Another challenge: The PS3 has the ability to render images more realistically than ever before, and developers took extra care with the smallest details like the way muscles ripple when they move. But the digital renderings may not be enough by themselves to impress players, who likely have seen the real thing in zoos or through ubiquitous nature programming on television.
To keep things simple, the game doesn't have features common elsewhere. There is no online capability other than being able to put up a single photograph to share with others. Players also can't customize the character beyond choosing a man or woman, and they never die, though they can faint and get sent back to the base camp if they get too close to dangerous animals.
Nevertheless, some longtime industry observers say the game could draw game players looking for something brand new. "The graphic quality in this one is so high that it could be fun to watch what the zebras are doing all day," says Hirokazu Hamamura, president of Enterbrain Inc., which publishes Japan's foremost videogame magazine.
Afrika is a single-player game. The player takes on the role of a photojournalist, exploring and watching the way animals behave. Players can see cheetahs hunting, a band of hyenas stealing another animal's kill, or other scenarios. "I think there's room for a gorgeous game that can be lazily played," says Katsumoto Tatsukawa, who created the game with just 25 developers, far fewer than the 100 or more developers that would typically be assigned to a high-profile game.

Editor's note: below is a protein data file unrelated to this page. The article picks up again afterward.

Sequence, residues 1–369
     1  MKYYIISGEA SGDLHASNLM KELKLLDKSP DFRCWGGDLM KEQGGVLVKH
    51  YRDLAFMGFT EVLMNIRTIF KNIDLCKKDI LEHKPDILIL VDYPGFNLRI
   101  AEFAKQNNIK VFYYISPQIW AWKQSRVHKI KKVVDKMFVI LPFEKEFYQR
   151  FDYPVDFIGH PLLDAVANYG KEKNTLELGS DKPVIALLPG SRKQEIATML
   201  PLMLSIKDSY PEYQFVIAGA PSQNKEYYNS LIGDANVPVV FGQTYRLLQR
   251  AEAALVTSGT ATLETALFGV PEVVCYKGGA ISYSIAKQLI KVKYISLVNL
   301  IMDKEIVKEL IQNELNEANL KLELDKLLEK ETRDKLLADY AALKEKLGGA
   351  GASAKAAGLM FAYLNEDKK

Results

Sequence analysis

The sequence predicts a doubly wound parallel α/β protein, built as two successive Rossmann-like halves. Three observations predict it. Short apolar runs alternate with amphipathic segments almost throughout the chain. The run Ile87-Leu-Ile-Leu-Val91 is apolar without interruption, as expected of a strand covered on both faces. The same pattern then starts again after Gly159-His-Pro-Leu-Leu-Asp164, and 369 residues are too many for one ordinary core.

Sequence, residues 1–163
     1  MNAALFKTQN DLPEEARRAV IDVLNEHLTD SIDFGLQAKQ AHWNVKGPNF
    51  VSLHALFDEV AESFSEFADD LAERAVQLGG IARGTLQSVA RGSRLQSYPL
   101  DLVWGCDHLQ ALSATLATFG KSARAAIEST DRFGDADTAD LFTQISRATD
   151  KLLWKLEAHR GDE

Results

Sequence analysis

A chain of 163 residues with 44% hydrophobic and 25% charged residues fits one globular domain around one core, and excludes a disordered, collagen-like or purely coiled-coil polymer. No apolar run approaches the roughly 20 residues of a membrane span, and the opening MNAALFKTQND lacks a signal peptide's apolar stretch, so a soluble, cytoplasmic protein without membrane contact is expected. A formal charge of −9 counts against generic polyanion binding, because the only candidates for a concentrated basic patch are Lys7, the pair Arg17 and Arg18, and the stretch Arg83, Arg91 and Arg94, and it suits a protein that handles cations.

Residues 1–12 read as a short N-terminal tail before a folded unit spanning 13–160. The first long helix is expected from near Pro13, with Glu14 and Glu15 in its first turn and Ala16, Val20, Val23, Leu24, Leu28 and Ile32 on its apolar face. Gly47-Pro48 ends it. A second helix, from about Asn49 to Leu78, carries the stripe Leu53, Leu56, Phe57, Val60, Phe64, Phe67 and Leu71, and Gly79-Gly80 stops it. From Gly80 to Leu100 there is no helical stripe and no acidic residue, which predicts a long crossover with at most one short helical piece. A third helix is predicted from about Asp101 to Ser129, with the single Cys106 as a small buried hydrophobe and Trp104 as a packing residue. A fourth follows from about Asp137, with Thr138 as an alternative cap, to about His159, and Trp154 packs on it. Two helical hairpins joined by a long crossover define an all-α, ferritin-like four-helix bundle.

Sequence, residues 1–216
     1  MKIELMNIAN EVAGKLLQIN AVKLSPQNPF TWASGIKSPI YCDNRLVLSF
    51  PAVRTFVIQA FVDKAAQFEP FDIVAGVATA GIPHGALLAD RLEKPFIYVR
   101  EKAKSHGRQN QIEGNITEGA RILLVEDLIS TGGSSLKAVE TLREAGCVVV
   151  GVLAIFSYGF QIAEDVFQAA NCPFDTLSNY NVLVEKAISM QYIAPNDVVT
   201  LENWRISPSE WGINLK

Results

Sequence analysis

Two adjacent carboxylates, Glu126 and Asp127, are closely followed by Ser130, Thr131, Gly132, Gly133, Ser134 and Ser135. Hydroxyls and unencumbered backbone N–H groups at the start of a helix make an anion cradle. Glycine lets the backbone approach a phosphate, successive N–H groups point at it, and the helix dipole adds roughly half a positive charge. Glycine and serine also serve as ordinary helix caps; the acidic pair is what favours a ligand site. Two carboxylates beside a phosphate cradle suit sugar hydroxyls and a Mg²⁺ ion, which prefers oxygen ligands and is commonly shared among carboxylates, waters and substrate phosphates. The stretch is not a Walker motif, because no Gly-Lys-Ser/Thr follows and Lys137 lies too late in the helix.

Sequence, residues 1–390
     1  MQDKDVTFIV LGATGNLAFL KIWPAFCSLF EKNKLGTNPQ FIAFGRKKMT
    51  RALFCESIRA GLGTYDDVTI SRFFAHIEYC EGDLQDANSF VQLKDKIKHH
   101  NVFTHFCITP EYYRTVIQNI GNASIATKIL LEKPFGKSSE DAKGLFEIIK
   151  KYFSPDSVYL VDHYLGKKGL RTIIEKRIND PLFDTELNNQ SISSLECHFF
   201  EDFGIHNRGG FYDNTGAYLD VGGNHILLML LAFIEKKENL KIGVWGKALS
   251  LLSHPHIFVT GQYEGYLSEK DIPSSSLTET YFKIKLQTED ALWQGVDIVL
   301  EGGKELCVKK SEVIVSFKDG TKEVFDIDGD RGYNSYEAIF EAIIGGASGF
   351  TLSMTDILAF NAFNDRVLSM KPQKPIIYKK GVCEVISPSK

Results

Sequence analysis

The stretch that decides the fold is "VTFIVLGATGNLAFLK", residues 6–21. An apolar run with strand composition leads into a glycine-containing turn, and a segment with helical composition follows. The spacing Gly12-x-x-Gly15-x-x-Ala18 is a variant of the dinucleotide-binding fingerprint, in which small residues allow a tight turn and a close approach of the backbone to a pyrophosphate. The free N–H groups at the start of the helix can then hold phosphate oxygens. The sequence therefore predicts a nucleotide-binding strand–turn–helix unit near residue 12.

2 commenti:

Anonimo ha detto...

Non so in Giappone, ma davvero c'è un mercato per questa roba?
I filmati sono raccapricianti, le animazioni non hanno neanche il senso del peso e della gravità. Meglio un DVD di National Geographic, dal quale sembra sia tratta la sceneggiatura delle sequenze del trailer.
Certo nel DVD non c'è interattività ed esplorazione e capisco il lavoro immenso necessario ma trovo lo sforzo un po' ridicolo.
Inoltre credo che la longevità di un prodotto simile dipenderà soprattutto dall'AI: cosa fanno gli "animali", recitano dei loop o gli scenari non sono predeterminati ma si evolvono?
Perchè vedere una scena di caccia del ghepardo da mille angolazioni è figo la prima volta ma poi che fai? guardi quella del leopardo e poi quella del leone ...
Forse mi sbaglio ma non ci vedo niente di entusiasmante.


Antonio ha detto...

Lo so, hai proprio colto il tema. Da quindici anni c'è polemica se i giochi professionali (come quelli dove si guida il treno, si fa la vita del contadino etc, caratteristici di una parte del mercato giapponese e diversi dalle simulazioni perché hanno in realtà una forte meccanica di gioco) siano adatti al mercato occidentale oppure no. Quando arrivano in Europa e negli Usa hanno spesso un buon successo, ma la maggior parte non è mai stata tradotta. Come dice anche il pezzo del WSJ, c'è il discorso che Sony deve controbattere allo strapotere di Nintendo, che con la Wii e il Ds si è inventata una categoria di giochi interattivi completamente nuova. A me tuttavia piacerebbe vederlo, Afrika...